In October 2003 Marshall. Electronics won an 18-month labor-intensive product development contract awarded by Buffalo Industries. The award was a cost reimbursable contract with a cost target of $2.66 ml Won and a fixed fee of 6.75 percent of the target. This contract would be Marshall’s first attempt at using formal project management, including a newly developed project management methodology.
Marshall had won several previous contracts from Buffalo Industries, but they were all fixed-price contracts with no requirement to use formal project management with earned value reporting. The terms and conditions of this contract included the following key points:
• Project management (formalized) was to be used. • Earned value cost schedule reporting was a requirement. • The first earned value report was due at the end of the second month’s effort and monthly thereafter. O There would be two technical interchange meetings, one at the end of the sixth month and another at the end of the twelfth month.
Earned value reporting was new to Marshall Electronics. In order to respond to the original request for proposal (REP), a consultant was hired to conduct a four-hour seminar on earned value management. In attendance were the project manager who was assigned to the Buffalo REP and would manage the contract after contract award, the entire cost accounting department, and two line managers. The cost accounting group was not happy about having to learn earned value management techniques, but they reluctantly agreed in order to bid on the Buffalo REP. On previous projects with Buffalo Industries, monthly interchange meetings were held. On this contract, it seemed that Buffalo Industries believed that fewer interchange meeting would be necessary because the information necessary could just as easily be obtained through the earned value status reports. Buffalo appeared to have tremendous faith in the ability of the earned value measurement system to provide meaningful information. In the past, Buffalo had never mentioned that it was considering the possible implementation of an earned value measurement system as a requirement on all future contracts.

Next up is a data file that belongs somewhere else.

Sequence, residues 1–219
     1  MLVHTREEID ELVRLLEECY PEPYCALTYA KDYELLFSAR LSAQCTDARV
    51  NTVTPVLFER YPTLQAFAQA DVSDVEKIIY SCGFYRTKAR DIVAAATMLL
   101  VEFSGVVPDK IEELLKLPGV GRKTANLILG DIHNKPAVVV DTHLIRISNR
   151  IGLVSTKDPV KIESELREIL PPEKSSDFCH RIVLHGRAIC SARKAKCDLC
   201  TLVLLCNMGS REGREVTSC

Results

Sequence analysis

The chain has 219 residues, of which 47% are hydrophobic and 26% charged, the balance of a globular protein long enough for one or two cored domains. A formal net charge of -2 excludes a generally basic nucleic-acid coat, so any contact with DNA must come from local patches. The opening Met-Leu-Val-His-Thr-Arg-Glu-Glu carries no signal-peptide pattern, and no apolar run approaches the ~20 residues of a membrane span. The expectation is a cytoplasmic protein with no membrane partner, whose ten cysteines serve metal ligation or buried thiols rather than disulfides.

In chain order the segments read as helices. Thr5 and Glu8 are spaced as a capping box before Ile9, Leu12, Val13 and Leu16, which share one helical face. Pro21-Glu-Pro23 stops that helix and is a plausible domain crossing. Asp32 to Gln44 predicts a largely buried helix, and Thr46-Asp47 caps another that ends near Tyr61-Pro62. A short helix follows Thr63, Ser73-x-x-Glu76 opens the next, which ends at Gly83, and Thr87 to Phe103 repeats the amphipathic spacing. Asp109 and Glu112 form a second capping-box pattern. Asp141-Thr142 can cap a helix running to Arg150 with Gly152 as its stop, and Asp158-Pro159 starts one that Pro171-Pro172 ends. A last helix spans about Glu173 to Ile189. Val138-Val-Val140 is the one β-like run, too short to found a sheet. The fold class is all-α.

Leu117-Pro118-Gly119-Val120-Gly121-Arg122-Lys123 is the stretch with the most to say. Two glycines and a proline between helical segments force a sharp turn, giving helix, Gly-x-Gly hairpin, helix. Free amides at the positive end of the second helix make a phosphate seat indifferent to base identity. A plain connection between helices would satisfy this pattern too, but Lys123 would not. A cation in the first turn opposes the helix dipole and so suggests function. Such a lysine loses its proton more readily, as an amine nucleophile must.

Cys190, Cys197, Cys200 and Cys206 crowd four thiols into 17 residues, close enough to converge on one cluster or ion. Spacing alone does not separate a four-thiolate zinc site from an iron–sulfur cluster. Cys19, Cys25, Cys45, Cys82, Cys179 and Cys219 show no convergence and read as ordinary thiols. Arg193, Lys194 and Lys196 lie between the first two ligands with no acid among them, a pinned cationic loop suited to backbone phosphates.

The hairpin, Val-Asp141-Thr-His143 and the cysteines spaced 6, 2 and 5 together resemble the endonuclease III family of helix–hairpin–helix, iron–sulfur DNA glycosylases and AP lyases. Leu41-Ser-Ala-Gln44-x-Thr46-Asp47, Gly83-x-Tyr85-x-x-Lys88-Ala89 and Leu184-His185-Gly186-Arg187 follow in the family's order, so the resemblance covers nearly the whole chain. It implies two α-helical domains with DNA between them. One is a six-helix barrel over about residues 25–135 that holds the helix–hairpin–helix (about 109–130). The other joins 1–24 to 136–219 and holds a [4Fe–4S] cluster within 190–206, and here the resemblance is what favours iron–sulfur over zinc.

Marshall Electronics won the contact by being the lowest bidder. During the planning phase, a work breakdown structure was developed containing 45 work packages of which only 4 work packages would be occurring during the first four months of the project.
Marshall Electronics designed a very simple status report for the project. The table below contains the financial data provided to Buffalo at the end of the third month.
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